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Devo

Devo are back. That’s good news in these dark days. But more crucially, Devo came back the right way. Sure, they pulled the radioactive yellow Are We Not Men-era costumes out of storage (though not the natty Chinese-American Friendship Suits of the Shout era), but they also looked forward. They were interactive. They listened to the people. What did they do? They held a series of focus groups. These focus groups helped select the tracks for the new Devo album; they picked the album’s title, Something for Everybody; and they determined that those classic energy domes needed a makeover—the domes are now bright blue!

There is plenty of evidence out there for de-evolution—see “baggers, tea”—but no evidence more convincing than the extensive use of focus groups by the media-arts industrial complex. Come to Clifton Park this weekend to experience the essence of de-evolution: “Whip It,” “Satisfaction,” and snappy new tunes like “Fresh.”

Devo will make you shake your ass and help you accept the continuing decline of human civilization on Saturday (July 31) at 8 PM at Northern Lights (1208 Route 146, Clifton Park). Tickets are $45. For more info, call the club at 371-0012.

Philadelphia Orchestra

What really needs to be said about Yo Yo Ma? The virtuoso cellist is internationally renowned for his evocative music and his eclectic repertoire. He’s won 16, seriously 16, Grammy Awards. His resume reads like a roll call of the world’s greatest concert halls and collaborators—not to mention gigs at Obama’s inauguration and Sesame Street.

And the Philadelphia Orchestra? Over their 110-year history, they have established themselves as one of the “Big Five” American orchestras, breaking ground in music, diplomacy and technology. They were the first symphony orchestra to tour both the People’s Republic of China and Vietnam, the first to make electrical recordings, the first to appear on a national television broadcast, the first to give a live cybercast and, most recently, the first to offer music downloads without a distributor.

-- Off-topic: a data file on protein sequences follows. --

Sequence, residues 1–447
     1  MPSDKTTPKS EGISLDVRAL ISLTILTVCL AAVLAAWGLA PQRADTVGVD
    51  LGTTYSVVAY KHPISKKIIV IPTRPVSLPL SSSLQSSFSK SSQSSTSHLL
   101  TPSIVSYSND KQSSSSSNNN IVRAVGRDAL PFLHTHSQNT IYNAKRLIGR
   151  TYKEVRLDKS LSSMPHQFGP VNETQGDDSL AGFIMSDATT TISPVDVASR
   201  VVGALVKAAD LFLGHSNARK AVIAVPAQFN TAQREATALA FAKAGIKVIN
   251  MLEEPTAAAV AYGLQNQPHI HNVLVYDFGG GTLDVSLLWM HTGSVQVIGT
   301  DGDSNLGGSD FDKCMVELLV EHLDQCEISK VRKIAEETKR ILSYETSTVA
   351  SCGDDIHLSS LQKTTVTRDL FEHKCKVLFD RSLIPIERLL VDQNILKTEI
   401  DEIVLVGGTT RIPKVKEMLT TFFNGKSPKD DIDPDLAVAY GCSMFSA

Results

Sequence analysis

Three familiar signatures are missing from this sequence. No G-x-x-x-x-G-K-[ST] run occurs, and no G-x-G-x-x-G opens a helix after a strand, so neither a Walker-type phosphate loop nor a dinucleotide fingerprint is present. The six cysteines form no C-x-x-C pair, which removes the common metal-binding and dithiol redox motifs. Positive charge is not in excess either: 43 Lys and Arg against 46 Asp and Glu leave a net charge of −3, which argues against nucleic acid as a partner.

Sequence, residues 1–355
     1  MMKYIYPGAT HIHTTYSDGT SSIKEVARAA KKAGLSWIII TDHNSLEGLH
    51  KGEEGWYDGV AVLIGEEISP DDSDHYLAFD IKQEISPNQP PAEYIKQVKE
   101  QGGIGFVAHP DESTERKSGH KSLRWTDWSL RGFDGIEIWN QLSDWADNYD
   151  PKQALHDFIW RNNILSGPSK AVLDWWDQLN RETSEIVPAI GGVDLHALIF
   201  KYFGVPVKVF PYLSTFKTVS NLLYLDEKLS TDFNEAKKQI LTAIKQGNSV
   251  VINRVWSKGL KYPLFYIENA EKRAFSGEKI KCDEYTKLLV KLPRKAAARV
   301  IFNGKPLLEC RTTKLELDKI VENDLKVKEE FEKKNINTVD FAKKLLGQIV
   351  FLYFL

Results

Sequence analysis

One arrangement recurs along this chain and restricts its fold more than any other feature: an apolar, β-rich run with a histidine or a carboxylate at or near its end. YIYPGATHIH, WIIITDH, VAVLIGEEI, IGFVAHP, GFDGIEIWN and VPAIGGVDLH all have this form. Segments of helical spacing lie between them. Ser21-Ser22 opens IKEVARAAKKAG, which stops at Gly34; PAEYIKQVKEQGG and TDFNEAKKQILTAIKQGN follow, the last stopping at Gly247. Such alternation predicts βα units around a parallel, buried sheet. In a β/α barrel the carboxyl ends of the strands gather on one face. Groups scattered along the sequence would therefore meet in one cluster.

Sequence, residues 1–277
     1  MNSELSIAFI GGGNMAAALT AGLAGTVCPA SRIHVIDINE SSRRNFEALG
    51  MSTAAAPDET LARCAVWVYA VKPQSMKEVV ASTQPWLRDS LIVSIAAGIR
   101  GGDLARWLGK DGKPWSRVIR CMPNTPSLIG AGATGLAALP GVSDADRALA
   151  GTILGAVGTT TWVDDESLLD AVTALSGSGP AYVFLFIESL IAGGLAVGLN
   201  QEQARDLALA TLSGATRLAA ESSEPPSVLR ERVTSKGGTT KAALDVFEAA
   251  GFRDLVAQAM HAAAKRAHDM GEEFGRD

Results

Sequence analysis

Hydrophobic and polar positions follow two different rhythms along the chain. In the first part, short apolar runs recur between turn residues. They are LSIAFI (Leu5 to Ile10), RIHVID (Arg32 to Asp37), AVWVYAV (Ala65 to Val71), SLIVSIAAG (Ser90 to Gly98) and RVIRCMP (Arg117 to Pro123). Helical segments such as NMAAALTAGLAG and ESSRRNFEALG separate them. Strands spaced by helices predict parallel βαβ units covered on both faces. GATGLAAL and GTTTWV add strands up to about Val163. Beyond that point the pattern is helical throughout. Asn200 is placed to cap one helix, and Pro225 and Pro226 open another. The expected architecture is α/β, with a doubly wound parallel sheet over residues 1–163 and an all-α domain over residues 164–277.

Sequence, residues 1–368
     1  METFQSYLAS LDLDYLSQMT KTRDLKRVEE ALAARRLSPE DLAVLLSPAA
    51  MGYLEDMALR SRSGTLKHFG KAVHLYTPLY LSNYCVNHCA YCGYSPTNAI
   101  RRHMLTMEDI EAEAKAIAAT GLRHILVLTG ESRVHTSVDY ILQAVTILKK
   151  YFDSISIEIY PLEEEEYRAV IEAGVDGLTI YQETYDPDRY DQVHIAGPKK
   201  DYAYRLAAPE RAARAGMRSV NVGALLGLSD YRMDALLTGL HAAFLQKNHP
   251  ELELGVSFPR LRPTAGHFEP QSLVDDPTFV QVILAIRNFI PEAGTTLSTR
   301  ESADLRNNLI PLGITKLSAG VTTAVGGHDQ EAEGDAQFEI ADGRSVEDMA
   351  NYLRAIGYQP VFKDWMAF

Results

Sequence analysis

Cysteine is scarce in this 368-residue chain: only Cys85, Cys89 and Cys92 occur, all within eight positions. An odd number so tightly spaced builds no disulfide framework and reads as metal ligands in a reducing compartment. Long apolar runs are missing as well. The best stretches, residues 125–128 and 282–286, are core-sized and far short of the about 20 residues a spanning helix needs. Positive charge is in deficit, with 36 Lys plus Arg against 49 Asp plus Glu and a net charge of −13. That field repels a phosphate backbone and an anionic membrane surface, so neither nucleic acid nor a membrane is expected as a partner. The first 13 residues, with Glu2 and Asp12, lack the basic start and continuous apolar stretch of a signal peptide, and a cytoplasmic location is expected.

This week, Yo Yo Ma joins the Philadelphia Orchestra to open their annual residency at SPAC with a three-piece program featuring Strauss’ Don Juan, Elgar’s Cello Concerto and Stravinksy’s The Rite of Spring. Chief conductor Charles Dutoit will guide the whole shebang.

The Philidelphia Orchestra will perform at the Saratoga Performing Arts Center (Saratoga Spa State Park, Saratoga Springs) on Wednesday (Aug. 4) at 8 PM. Tickets range from $23 for the lawn to $77.50 inside. For more info, call 587-3330.

Berkshire Fringe Festival

The wheels of performance innovation are churning again over at the Berkshire Fringe Festival. Bazaar Productions has hosted more than 200 emerging theater, dance, music and performance artists at its annual Fringe Festival over the past five years, and the sixth season expands the excitement to a second venue.

This year’s lineup features eight core works by theater and dance artists drawn from coast to coast, from quirky clowning and a one-woman Cubano comedy to Monster, Rebecca Pappas’ narrated dance performance exploring the line between victim and victimizer, which the Los Angeles Times declared “compelling” and “mesmerizing.”

As always, the schedule will be rounded out by free programs including Early Stages staged readings of new works, the 30 Live! music series and an array of community workshops with festival artists.

The Berkshire Fringe Festival presents its offerings tonight (Thursday, July 29) through Aug. 16 at the Daniel Arts Center (Bard College at Simon’s Rock, 84 Alford Road, Great Barrington, Mass.) and Mixed Company (37 Rossetter St., Great Barrington, Mass.). Tickets to individual events are $14, with pick-your-price specials opening night. A full-festival pass is available for $95, a select three-show pass is $39; all workshops, 30 Live! Music performances and readings are free. For more info, call (413) 320-4175 or visit berkshirefringe.org.


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